Protecting Nature Across Borders
Nature doesn’t recognize man’s designation of where one state or country ends and another begins. That’s why The Nature Conservancy works to protect ecologically important areas across boundaries—so that they can be preserved for future generations.
The Central Appalachians—an ecoregion that spans across Maryland, Pennsylvania, Virginia, West Virginia into Kentucky and Tennessee—act as lungs for the East Coast, offsetting carbon emissions and providing clean air. Learn more.
More than 3,600 plant and animal species thrive in the Chesapeake Bay, an ecoregion with a shoreline longer than the West Coast of the United States, and that comprises Delaware, Maryland, New York, Pennsylvania, Virginia, West Virginia and the District of Columbia. Learn more.
This iconic Western waterway is home to more than 25 fish species found nowhere else, and provides recreation and clean water from Nevada to New Mexico. The Nature Conservancy has a history of working on the Colorado River and its tributaries in six of the basin states and is uniquely poised to share and demonstrate knowledge gained through on-the-ground work. Learn more.
This region—which stretches from Cape Hatteras in North Carolina to the northern limit of the Gulf of Maine in Canadian waters—contains a mosaic of critical habitats that support a wide range of ecologically, commercially and recreationally important species. Learn more.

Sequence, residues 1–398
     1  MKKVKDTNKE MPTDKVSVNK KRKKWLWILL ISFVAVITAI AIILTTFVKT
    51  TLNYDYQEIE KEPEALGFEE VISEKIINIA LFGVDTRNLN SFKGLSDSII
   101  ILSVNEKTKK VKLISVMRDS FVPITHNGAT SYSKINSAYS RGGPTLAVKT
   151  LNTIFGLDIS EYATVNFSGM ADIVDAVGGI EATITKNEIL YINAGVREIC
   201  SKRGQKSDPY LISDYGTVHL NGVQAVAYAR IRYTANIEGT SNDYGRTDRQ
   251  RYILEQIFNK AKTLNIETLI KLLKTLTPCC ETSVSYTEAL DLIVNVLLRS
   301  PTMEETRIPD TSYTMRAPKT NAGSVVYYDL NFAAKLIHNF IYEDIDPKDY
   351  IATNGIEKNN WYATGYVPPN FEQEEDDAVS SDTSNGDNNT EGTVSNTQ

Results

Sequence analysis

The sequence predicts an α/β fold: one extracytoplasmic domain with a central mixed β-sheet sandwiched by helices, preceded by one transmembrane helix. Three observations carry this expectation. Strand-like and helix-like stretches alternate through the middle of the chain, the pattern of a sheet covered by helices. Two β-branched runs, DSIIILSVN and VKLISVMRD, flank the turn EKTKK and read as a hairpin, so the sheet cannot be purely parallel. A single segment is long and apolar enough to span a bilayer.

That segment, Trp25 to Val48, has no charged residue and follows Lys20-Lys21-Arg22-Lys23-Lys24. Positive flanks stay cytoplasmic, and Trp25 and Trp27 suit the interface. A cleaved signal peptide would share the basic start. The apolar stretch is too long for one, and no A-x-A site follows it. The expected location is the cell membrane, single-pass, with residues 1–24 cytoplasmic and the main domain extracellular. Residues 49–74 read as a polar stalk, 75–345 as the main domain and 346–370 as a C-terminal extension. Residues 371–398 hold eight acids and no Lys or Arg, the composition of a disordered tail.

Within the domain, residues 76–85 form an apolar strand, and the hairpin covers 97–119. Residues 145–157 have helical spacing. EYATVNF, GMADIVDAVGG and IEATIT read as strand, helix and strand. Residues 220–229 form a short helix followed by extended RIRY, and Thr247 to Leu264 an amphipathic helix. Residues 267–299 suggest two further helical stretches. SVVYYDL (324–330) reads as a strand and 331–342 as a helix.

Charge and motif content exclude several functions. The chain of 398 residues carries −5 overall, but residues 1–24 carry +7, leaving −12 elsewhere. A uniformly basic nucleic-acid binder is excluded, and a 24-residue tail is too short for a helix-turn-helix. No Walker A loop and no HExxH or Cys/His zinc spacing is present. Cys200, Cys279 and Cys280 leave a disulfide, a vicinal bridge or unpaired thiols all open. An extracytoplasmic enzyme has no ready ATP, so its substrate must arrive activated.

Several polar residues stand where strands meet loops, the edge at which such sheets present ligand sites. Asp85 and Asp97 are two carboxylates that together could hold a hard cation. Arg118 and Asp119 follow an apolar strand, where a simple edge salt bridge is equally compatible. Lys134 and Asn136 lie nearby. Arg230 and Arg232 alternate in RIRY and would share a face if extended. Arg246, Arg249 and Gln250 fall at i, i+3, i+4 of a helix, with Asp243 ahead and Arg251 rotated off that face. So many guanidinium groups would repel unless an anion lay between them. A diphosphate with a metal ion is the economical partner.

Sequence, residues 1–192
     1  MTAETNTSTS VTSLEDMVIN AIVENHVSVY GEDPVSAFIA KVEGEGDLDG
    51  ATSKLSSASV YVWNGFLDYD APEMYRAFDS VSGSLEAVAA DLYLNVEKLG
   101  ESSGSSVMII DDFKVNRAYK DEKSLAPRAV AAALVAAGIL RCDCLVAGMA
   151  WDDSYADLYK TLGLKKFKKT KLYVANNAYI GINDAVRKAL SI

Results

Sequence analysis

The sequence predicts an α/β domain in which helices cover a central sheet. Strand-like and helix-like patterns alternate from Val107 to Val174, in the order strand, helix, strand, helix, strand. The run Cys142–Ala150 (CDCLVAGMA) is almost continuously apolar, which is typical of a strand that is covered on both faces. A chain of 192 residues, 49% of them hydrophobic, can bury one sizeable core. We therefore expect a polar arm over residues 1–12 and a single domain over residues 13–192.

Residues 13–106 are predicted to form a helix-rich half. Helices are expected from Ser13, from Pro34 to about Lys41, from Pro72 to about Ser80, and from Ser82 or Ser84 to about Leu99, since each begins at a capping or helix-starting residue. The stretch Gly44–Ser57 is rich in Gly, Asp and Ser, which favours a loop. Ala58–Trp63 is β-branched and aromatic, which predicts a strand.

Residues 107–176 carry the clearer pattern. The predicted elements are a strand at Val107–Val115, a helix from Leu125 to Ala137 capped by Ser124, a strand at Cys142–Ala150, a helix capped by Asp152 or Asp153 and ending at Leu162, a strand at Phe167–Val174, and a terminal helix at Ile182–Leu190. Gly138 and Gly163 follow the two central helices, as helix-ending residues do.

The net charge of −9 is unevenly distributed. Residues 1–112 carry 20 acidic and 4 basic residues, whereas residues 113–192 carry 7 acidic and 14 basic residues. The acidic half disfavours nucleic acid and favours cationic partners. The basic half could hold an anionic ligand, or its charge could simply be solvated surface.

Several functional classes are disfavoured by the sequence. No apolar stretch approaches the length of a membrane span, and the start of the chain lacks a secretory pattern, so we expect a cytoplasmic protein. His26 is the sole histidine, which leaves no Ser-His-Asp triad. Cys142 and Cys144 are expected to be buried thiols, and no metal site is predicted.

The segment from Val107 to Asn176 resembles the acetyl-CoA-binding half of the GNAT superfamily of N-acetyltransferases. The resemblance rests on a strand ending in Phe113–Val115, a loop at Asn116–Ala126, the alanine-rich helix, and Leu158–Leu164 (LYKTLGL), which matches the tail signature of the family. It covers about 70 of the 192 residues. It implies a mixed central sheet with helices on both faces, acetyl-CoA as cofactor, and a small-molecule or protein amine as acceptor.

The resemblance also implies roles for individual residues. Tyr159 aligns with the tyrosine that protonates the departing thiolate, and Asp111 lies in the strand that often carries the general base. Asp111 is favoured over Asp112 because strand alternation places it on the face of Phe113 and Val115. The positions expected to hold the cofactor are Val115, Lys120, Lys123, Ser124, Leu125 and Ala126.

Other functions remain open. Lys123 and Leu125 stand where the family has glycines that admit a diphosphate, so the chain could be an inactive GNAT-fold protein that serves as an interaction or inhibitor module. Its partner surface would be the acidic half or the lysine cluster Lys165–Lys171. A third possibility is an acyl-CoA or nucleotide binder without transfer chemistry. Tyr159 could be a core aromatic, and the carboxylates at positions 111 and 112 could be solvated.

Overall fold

The world’s largest intact temperate rainforest—a leading source of wild salmon, an enormous carbon capturer, home to deeply rooted, diverse people—unfurls along the coasts of Washington, British Columbia and Southeast Alaska. Learn more.
These lakes, rivers and wetlands cover eight states and two countries. As the world’s largest freshwater resource, The Nature Conservancy is working to ensure that the Great Lakes watershed is among the most effectively managed ecosystems on Earth. Learn more.
Yellowstone is twenty-eight million acres of irreplaceable habitats that support one of the largest intact collections of wildlife and animal species in the lower 48 United States. But an increase in development on crucial-yet-unprotected wintering grounds within Yellowstone has sparked land-use conflicts. The Nature Conservancy is working with a variety of interested parties to protect the most crucial habitats for future generations. Learn more.
The Gulf of Maine's waters and shores host over 2,000 species of plants and animals, but today, the Gulf is showing signs of distress—due to habitat loss, decline of fish populations and increased storm surges and sea levels. The Nature Conservancy is working to identify threats to conservation targets in the region and establish a baseline that will help us develop conservation strategies tailored to the Gulf. Learn more.
The Nature Conservancy has been part of the Gulf Coast community for more than 35 years and works in every Gulf state, from Florida to Texas and even Mexico and the Caribbean. From restoring habitat after the BP Oil Spill, to helping create and expand state parks and national wildlife refuges, the Conservancy works with partners to restore the Gulf’s most important habitats, and the benefits they bring to people. Learn more.